Robert Koldewey (born 1855) was the German archaeologist who discovered Babylon in today’s Iraq (and perhaps also parts of the Tower of Babel). He excavated the Babylonian Ishtar Gate, now in the Pergamon Museum in Berlin, acquired legally (in forty boxes) in accordance with a treaty between imperial Germany and the Ottoman Empire, both expired in 1918.
Every Wednesday, migrants, mainly from Syria, visit the Gate. They admire it and some are no doubt proud of it and express their gratitude to Germany for looking after it so well, far away from war and disaster.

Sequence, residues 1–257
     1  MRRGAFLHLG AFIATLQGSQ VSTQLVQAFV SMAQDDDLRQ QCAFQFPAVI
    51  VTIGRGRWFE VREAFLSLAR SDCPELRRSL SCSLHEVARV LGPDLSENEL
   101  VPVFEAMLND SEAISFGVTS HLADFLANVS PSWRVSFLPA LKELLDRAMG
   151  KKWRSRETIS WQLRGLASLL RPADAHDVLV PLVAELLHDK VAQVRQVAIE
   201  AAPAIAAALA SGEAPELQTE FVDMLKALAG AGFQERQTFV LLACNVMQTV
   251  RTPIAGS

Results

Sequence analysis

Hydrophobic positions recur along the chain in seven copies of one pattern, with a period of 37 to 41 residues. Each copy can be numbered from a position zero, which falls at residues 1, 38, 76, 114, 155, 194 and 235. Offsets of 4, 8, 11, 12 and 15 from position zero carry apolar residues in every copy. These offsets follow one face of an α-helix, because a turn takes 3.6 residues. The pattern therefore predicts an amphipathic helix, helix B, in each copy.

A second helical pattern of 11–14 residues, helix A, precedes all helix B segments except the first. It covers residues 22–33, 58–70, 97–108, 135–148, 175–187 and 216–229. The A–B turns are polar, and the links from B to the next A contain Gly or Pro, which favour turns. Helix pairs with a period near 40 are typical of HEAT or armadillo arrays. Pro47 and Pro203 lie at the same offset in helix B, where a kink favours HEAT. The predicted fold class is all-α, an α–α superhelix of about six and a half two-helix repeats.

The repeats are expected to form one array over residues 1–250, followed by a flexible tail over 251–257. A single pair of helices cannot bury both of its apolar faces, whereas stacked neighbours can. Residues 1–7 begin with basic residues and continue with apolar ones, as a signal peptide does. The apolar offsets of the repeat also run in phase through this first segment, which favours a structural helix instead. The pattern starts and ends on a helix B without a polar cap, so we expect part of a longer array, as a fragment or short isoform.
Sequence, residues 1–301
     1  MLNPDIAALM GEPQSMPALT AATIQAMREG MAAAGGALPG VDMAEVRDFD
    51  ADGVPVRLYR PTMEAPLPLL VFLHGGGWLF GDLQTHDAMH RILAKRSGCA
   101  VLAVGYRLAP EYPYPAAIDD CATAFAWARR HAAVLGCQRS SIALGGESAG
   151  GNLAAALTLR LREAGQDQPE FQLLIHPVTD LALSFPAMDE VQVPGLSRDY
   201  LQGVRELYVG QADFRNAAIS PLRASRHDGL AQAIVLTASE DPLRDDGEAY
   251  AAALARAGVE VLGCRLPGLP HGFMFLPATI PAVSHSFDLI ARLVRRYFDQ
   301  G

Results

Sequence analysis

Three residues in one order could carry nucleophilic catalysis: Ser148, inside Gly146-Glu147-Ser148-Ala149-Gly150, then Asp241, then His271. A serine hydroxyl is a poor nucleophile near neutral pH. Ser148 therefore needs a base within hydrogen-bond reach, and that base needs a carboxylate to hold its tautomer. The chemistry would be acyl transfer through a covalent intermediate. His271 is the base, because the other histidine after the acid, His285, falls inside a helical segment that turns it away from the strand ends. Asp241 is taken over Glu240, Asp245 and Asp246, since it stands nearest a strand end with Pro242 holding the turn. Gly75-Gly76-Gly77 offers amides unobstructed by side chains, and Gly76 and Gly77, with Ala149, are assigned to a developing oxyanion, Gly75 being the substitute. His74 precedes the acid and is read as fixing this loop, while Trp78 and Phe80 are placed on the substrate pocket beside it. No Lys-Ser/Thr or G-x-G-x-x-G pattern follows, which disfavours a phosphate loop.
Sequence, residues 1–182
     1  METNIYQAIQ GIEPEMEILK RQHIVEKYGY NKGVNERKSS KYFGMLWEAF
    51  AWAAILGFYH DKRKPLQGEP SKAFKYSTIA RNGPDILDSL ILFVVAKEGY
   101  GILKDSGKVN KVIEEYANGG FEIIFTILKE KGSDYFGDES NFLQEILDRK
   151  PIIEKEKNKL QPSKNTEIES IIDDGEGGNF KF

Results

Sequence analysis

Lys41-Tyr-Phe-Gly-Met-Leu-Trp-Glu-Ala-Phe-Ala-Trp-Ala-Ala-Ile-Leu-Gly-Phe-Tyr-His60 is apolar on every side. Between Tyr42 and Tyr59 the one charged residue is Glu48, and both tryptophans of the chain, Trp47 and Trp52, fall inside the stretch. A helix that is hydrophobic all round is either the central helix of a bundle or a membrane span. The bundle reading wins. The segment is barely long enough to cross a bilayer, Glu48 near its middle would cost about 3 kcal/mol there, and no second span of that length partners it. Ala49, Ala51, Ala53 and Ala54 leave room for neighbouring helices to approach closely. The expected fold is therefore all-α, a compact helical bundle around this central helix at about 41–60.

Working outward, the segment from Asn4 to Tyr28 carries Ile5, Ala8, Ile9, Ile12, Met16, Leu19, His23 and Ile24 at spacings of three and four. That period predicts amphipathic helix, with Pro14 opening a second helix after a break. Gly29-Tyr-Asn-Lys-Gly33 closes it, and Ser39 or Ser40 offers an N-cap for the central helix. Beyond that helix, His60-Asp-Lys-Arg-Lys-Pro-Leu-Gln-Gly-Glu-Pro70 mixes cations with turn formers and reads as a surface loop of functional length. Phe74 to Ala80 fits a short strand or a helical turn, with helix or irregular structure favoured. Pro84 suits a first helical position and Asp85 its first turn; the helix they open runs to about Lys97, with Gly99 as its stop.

It is not always easy to explain to them that the treasure was not stolen but was acquired legally in accordance with a treaty concluded between imperial Germany and the Ottoman Empire. Both expired in 1918.
A good case can be made for the heretical view that the world would be a better place if they had not expired and if another agreement had been concluded between them for the peaceful return of the Ishtar Gate to its original location.
Source (except for the last paragraph): Süddeutsche Zeitung, April 7